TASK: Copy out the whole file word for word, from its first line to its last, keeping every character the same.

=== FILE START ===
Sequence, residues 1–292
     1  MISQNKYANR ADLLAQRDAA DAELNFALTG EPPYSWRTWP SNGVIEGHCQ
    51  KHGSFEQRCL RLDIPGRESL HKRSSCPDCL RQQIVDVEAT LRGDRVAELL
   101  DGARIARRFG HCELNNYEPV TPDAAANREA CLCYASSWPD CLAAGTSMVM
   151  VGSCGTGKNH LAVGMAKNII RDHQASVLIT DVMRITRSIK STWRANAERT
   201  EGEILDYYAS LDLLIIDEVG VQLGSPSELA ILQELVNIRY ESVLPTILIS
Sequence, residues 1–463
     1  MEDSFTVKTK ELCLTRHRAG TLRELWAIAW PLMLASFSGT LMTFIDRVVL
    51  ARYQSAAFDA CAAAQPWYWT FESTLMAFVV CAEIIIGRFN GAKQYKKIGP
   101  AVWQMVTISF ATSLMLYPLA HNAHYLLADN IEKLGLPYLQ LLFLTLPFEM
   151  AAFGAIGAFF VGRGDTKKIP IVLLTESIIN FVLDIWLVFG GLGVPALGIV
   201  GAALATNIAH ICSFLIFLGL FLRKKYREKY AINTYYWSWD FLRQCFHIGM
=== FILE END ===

Sequence, residues 1–292
     1  MISQNKYANR ADLLAQRDAA DAELNFALTG EPPYSWRTWP SNGVIEGHCQ
    51  KHGSFEQRCL RLDIPGRESL HKRSSCPDCL RQQIVDVEAT LRGDRVAELL
   101  DGARIARRFG HCELNNYEPV TPDAAANREA CLCYASSWPD CLAAGTSMVM
   151  VGSCGTGKNH LAVGMAKNII RDHQASVLIT DVMRITRSIK STWRANAERT
   201  EGEILDYYAS LDLLIIDEVG VQLGSPSELA ILQELVNIRY ESVLPTILIS
Sequence, residues 1–463
     1  MEDSFTVKTK ELCLTRHRAG TLRELWAIAW PLMLASFSGT LMTFIDRVVL
    51  ARYQSAAFDA CAAAQPWYWT FESTLMAFVV CAEIIIGRFN GAKQYKKIGP
   101  AVWQMVTISF ATSLMLYPLA HNAHYLLADN IEKLGLPYLQ LLFLTLPFEM
   151  AAFGAIGAFF VGRGDTKKIP IVLLTESIIN FVLDIWLVFG GLGVPALGIV
   201  GAALATNIAH ICSFLIFLGL FLRKKYREKY AINTYYWSWD FLRQCFHIGM